2018 APA National Planning Excellence Award Planning Pioneers

Margarita Piel McCoy, FAICP

Los Angeles, California


An early advocate for planning, Margarita Piel McCoy, FAICP, brought a strong female voice to the profession at a time when men dominated the field. She became the first woman appointed to a full professorship of urban planning at a major university, and the first woman to chair a planning department in the U.S.

Even after her teaching career ended, McCoy remained involved in the planning profession, working in private practice advising communities on comprehensive plans and advocating for changes in the planning process so that citizens and community groups had greater input.

Outside of her academic career, she devoted her time to fighting for expanded career opportunities for women and minorities. At the time of her death in 2016 at the age of 92, more women and minorities were entering the planning profession in part due to McCoy's influence on national education programs and professional initiatives.


McCoy began her planning career later in life. While serving a single term as a planning commissioner in Sudbury, Massachusetts, she audited classes at Harvard University to bolster her knowledge. After her family moved to the West Coast, she entered a planning school in the 1960s in midlife, and eventually went into teaching. Over her 50-year career, McCoy taught at the University of Southern California and Cal Poly-Pomona, where she also became chair of the planning department.

After she retired from teaching in 1989 at the age of 66, she went into private practice often advocating for greater citizen involvement in the planning process. McCoy chaired a citizens' review committee that stopped a costly corporate people mover for downtown Los Angeles, and she developed a plan for managing California's coastline, applying more sophisticated and inclusive models that are now more commonly used today.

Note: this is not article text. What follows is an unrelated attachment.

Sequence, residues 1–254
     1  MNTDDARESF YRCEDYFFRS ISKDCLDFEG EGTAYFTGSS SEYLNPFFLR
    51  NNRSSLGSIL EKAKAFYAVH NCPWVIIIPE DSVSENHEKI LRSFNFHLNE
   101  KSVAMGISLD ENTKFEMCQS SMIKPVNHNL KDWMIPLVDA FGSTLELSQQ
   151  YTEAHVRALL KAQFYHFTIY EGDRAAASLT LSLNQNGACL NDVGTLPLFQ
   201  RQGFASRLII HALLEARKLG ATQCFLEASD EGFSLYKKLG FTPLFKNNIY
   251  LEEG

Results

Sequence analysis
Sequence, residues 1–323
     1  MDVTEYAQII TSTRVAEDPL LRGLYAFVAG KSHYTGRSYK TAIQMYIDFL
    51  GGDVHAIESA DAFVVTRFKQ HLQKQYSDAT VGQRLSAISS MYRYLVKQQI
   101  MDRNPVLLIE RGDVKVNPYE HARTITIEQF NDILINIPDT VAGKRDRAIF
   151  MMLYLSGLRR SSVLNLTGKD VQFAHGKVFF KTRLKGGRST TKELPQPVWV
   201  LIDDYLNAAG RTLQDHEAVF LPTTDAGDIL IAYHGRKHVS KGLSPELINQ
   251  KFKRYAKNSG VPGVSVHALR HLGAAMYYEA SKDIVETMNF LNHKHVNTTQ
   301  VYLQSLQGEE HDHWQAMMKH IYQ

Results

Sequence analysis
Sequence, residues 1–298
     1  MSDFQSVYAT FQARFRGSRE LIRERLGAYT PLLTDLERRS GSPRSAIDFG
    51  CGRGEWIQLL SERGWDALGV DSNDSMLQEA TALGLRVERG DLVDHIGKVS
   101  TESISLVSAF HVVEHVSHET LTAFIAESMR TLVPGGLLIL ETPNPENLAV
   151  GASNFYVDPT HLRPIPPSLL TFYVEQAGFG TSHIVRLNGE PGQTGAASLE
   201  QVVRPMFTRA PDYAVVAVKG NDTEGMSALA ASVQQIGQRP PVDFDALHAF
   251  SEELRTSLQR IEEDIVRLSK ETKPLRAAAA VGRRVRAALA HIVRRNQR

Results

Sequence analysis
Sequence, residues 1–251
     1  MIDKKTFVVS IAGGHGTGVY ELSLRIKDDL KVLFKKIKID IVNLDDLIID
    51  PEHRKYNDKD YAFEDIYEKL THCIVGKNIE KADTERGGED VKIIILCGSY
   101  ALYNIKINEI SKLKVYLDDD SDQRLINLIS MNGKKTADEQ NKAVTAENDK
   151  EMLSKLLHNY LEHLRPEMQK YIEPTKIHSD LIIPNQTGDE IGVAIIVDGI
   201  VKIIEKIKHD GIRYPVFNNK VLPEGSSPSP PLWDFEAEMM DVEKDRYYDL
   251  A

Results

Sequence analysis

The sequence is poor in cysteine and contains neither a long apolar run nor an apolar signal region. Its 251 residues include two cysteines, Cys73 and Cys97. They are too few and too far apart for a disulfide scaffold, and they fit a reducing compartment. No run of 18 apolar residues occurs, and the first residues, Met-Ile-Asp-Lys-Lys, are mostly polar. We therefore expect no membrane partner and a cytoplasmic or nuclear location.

McCoy advised communities in southwestern U.S. states on creating comprehensive plans that balanced growth and nature preservation while preparing for the possibility of natural disasters. She also served for nine years on the planning commission in her adopted hometown of La Habra Heights, California, where she worked to balance development in the region with nature preservation. She held nearly 300 public meetings there to encourage public involvement and input in the planning process.

Margarita McCoy often participated in public forums, conferences, and symposiums to learn the latest planning practices.


As an educator and practitioner, McCoy insisted on excellence in her students' work, which she believed would help raise the program's prestige and aid students' career development. She took her students' work seriously. Under her leadership, Cal Poly-Pomona's planning program emerged as a leading educational institution for planning and earned a national reputation for producing some of the best technical planners in the state.

Driven by a desire to increase opportunities for women and minorities, McCoy became involved with several professional organizations. As a director with the American Planning Association (APA), she was a founding member of its Planning and Women's Division in 1979, and served on the American Institute of Certified Planners (AICP) Commission and as the AICP Commission president from 1981–1982.

As a leader with the Planning Accreditation Board (PAB) and Association of Collegiate Schools of Planning (ACSP), McCoy was instrumental in investigating policies and practices at the nation's planning schools and urged faculty to advance women and minorities in their programs.

Professor McCoy enjoys lunch with a colleague. Friends recall her easy grace and interest in the careers of those she mentored.


Margarita McCoy enjoyed a 50-year planning career in which she advocated for excellence in national planning education and practices.

As an educator, McCoy helped thousands of students gain practical technical knowledge that prepared them for successful planning careers. As planning department chair at Cal Poly-Pomona, she developed a program that remains one of the best in the country.

As a practitioner, she advised communities on comprehensive plans that achieved their goals while protecting the natural environment and addressed the needs of underserved individuals. She used her standing in the industry to push for policies at national planning schools that advanced opportunities for women and minorities.

A true advocate for the planning profession, McCoy's legacy will be seen for many years to come.